Routers aren’t the only form of hardware firewall. There are much more advanced pieces of equipment out there. These are true hardware firewalls that can control both incoming and outgoing connections. Often times they offer subscriptions to anti-virus, anti-spyware, and anti-spam modules that install on the box instead of your computer and thus filter out all these harmful things before they ever reach your computer. These are by far the very best line of protection you can get. They are also expensive and require subscriptions. You’ll need to install some software as well in order to have full control over the device from within the operating system since you’ll need to interact with it far more often that a router because it will be controlling outbound connections for you. Overall these things are overkill for most people and should be confined to the business environments they are truly designed for.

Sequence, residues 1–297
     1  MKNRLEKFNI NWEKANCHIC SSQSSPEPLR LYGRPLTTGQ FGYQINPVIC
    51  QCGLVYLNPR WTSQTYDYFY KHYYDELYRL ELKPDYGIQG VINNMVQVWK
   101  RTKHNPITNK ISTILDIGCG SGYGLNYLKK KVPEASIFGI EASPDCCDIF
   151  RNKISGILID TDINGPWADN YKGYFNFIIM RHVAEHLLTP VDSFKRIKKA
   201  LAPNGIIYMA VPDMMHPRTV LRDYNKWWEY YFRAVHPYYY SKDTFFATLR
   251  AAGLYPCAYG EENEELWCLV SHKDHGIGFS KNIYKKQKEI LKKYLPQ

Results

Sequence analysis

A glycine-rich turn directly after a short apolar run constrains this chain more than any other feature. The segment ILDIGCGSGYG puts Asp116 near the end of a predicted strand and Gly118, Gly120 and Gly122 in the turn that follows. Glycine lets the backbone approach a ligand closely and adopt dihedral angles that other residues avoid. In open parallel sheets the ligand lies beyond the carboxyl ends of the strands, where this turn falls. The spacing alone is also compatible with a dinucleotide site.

If you really want a true hardware firewall you’ll have to do your own research. I’ve never felt the need to get one myself and the companies I’ve worked for have never needed them either so I have very little experience with them. I can only recommend you see which ones are popular seller on Newegg or Google for some more professional opinions before buying.

Let’s move on now to a couple of software firewalls. Since I’ve already covered what a software firewall does, I’ll move right ahead to recommendations on specific pieces of software. All of these by their very nature can have some issues playing nice with the software on your system. Keep that in mind if you run into any specific problems and browse the web for some answers from people who may have had similar problems with the same software.